Oregon Dept. of Forestry also ending fire season in Central Oregon District
SISTERS, Ore. (KTVZ) -- Deschutes National Forest officials said Thursday they have rescinded the remaining portion of the Lionshead Fire closure, reopening access to all of the Sisters Ranger District’s portion of the Mt. Jefferson Wilderness and access along Forest Service Road 12.
The Lionshead Fire has received heavy amounts of precipitation in recent days, limiting decreasing fire behavior and activity, Forest Service officials said.
However, they added that visitors should use caution when traveling in the Metolius Basin, as firefighting resources continue to conduct work in the area.
Meanwhile, fire season for Oregon Department of Forestry’s Prineville and The Dalles units in the Central Oregon District will end at 12:01 a.m. Saturday, the agency said Thursday.
Industrial Fire Precautions in MH-1 and MH-4 of The Dalles Unit are also terminated. "Fuel conditions do not pose a significant risk of fire ignition and rapid spread in these areas," ODF said.
Gordon Foster, Prineville Unit forester, reminds the public, “Although conditions have minimized the threat of fire spread, people should take caution and monitor conditions prior to conducting any open burning.”
The John Day Unit will remain in fire season until additional moisture has further mitigated fire hazards. Lands within the John Day Unit include portions of Grant, Morrow, Wheeler, Gilliam, Malheur and Umatilla counties. Open burning is not allowed at this time in the John Day Unit, including yard debris.
Burn permits for logging slash and debris will not be issued in The Dalles or Prineville units until additional precipitation is received. Yard debris, burn barrels, and other open burning should follow local and county fire restrictions.
Safe burning practices include clearing flammable debris from the burn pile or burn area, having a water source nearby, having tools such as a shovel handy while burning, not burning in windy conditions, and never leave a fire unattended. Continue to check the fire area for residual heat in the days after burning to ensure embers do not rekindle and spread to nearby fuels.
Since fire season began in the Central Oregon District on June 1st firefighters have responded to 62 lightning-sparked fires burning 11,300 acres and 52 human-caused fires burning 1,643 acres.
ODF’s Central Oregon District continues to serve landowners and the public as an essential service for Oregonians. Please call or email to talk with our staff or schedule an appointment. For additional information on ODF’s Central Oregon District, including contact information and unit offices, please visit www.ODFcentraloregon.com.
Here's Thursday's update on the Lionshead Fire:
Confederated Tribes of Warm Springs Lionshead Fire Update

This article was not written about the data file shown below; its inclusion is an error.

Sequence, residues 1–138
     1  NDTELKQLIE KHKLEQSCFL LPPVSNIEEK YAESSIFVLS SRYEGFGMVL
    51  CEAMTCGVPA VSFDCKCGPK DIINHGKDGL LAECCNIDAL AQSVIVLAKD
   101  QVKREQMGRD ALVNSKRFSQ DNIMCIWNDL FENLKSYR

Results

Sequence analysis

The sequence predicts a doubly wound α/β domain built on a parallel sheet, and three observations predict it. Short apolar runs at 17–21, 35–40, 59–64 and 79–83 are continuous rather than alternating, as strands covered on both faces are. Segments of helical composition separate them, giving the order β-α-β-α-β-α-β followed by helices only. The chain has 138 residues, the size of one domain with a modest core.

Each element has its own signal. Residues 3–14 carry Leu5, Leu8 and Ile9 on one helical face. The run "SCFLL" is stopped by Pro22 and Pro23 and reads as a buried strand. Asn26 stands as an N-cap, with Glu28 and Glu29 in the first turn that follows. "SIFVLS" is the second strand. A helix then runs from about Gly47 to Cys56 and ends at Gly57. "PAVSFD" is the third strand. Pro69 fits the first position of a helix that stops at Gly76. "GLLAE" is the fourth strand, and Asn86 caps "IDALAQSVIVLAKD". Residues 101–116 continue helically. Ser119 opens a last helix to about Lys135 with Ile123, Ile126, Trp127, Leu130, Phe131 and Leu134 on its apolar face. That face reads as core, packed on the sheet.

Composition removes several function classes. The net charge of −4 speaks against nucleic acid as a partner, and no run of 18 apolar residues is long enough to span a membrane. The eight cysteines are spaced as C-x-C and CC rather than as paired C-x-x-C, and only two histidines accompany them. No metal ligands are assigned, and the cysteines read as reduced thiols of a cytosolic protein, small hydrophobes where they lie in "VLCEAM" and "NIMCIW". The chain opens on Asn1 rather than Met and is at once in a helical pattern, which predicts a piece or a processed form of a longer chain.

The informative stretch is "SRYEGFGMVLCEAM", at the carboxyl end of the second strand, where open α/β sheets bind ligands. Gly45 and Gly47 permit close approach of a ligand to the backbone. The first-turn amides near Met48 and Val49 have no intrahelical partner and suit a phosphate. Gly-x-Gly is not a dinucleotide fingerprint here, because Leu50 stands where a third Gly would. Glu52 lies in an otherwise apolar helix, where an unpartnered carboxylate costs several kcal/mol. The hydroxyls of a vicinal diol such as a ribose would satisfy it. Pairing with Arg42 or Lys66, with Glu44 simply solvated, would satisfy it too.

Thursday, Oct. 15
REDMOND, Ore. – After precipitation on Wednesday, fuels began slowly drying out but are not expected to reach critical levels. The next weather system is forecasted to impact Central Oregon this weekend, returning to seasonal conditions.
Suppression repair has been completed in the southeastern portion of the fire perimeter near the Metolius River. Additionally, repair work is scheduled for completion today along the southern portion of the fire. Crews are ensuring that fire is no longer active or burning along the fire perimeter. Firefighters continue completing additional tasks for the local jurisdictional units.
On Thursday, fire managers plan to continue hazard tree removal and road grading activities while patrolling and monitoring the perimeter of the fire for hot spots. Crews do not expect the fire activity to increase but will be available in case smoke increases around the perimeter of the fire.
Northwest Incident Management Team 13 is planning to transition management of the fire to local unit incident management organizations on Friday.
“Firefighters continue to work hard to be stewards of the land with the guidance and support of the Confederated Tribes of Warm Springs,” said Incident Commander Brian Gales. Incoming fire management teams will continue the suppression repair, patrolling and monitoring work began many weeks ago.
Weather: Precipitation has ended for the week, bringing a stretch of warmer and drier weather. Officials do not expect fire activity to increase despite the warmer and drier weather. Shorter days greatly reduce the likelihood of increased fire activity, even with forecasted warmer weather. Cooler and drier weather is expected over the weekend with highs in the 60s.
Safety: Unpaved roads are muddy, particularly on the west side of the Cascade Crest. Rock falls and falling trees create potential hazards around the fire footprint. Use caution when traveling on newly opened roads, as unmarked hazards may exist.